Watching shops closing one after another on his street has made Mr. Sofronas nervous, but he will not contemplate bankruptcy. “This business feeds nine people,” he said, referring to his family and five employees. “I can’t give up.”

In Greece, small businesses — defined as stores or workshops employing fewer than 10 people, though many are one-person operations — account for 96 percent of all enterprises and employ around two million of Greece’s five million-strong work force. Many small businesses, particularly in Athens and on Greece’s many islands, support the tourism sector, a crucial part of the economy that is also reeling from the repercussions of the debt crisis.

“Small businesses are Greece’s lifeblood,” said Vassilis Korkidis, chairman of the National Confederation of Greek Commerce, known by its Greek acronym Esee. “What we’re seeing now is a hemorrhage.”

----- The government has also pledged €25 billion in guarantees to enable Greek banks to issue more loans to businesses.

Mr. Papandreou has repeatedly stated his government’s commitment to reducing taxes on all businesses — currently 24 percent on retained earnings and 40 percent on dividends — but has not given a time frame. Last month, in a speech before entrepreneurs in the port of Thessaloniki, Mr. Papandreou pledged to speed up relief for businesses by bringing forward planned cuts to the retained earnings tax — to 20 percent from 24 percent — having them apply from next year instead of 2014.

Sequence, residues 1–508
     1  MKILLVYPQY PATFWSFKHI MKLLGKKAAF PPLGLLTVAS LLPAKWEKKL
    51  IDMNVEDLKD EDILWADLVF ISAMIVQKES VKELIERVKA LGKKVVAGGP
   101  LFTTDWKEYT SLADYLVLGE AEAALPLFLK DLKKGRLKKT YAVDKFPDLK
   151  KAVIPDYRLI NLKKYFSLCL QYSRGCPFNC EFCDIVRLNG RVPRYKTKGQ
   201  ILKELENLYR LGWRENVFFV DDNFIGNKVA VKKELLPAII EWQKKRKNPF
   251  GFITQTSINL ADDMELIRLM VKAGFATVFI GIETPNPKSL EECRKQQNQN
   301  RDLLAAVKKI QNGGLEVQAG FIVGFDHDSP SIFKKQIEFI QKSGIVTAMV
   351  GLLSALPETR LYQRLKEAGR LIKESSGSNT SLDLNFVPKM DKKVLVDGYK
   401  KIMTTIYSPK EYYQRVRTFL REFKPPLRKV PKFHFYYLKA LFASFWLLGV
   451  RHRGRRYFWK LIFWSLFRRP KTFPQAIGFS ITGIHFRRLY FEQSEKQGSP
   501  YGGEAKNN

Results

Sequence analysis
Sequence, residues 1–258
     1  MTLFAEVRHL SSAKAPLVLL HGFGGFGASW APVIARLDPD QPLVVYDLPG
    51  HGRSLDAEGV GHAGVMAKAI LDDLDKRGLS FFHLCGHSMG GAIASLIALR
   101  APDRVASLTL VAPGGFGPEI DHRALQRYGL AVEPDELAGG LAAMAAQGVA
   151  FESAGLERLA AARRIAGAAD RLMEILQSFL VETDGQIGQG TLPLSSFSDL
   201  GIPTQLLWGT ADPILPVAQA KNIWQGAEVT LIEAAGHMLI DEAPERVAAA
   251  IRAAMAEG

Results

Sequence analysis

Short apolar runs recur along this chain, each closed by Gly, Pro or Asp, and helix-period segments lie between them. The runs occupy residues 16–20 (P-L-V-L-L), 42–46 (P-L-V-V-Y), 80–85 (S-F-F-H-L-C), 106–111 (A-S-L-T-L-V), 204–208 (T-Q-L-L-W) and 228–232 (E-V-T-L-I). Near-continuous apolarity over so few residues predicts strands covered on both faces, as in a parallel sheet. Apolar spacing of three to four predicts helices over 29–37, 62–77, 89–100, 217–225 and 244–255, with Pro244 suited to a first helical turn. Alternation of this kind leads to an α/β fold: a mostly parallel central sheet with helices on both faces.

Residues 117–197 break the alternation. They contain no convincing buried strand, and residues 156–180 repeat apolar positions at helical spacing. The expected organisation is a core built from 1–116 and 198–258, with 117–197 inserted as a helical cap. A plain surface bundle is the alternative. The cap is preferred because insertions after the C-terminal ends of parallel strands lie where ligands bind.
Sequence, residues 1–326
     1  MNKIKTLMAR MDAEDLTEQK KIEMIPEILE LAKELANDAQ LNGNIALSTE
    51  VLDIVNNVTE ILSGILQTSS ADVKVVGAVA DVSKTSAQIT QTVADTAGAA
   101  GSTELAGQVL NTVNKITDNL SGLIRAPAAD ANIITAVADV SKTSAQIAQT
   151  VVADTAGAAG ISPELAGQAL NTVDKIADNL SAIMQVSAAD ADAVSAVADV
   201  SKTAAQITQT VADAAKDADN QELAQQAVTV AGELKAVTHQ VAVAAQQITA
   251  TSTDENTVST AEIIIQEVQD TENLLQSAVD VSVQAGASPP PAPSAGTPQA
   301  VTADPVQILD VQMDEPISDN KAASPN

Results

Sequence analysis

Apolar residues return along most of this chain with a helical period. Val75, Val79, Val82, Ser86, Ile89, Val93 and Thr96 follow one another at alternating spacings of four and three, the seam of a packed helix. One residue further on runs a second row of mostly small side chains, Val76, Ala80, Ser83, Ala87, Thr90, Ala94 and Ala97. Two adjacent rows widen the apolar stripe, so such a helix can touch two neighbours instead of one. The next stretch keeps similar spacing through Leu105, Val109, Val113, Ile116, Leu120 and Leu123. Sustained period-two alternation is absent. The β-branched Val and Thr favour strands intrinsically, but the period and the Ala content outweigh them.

Mr. Korkidis, the commerce group chairman, said the measures would help when they materialized. Still, it remains unclear whether more credit lifelines will save small businesses. Many are already in debt to banks, owing a total of €144 billion in loans for business expenses and expansion, according to Mr. Korkidis. Small businesses also owe €3 billion in taxes that must be paid over the next three months. These are chiefly outstanding value-added (sales) tax bills that businesses must pay by the end of the year or face legal action.

Of course much of this tax liability is theoretical as many businesses have traditionally avoided paying their VAT bills to the state.

“For many, pocketing the VAT was the only way they managed to stay afloat,” Mr. Korkidis said.

----- The problems are acute both in production and in the retail sector. Small manufacturers face higher operating costs and fewer orders from cash-strapped retailers. In retail, those suffering most are stores selling clothes, shoes and accessories. They have seen their revenue drop by an average of 35 percent, according to the Esee.

The downturn is evident on the streets of the capital. On some roads, one in every four shops is boarded up.

---- The stagnation is reflected in the official statistics. According to the Esee, 27,574 small businesses closed in the first six months of this year while 27,495 new businesses opened, a ratio of nearly one to one. Last year, the ratio for the same period was two to three, with 24,513 businesses closing and 32,758 opening.

According to the Confederation of Greek Craftsmen and Merchants, this situation will worsen significantly by the end of 2011. The group expects one in five businesses — or 175,000 out of a total of around 800,000 — to close.


The most dangerous man to any government is the man who is able to think things out... without regard to the prevailing superstitions and taboos. Almost inevitably he comes to the conclusion that the government he lives under is dishonest, insane, intolerable.

H.L. Mencken.

Have a great weekend everyone.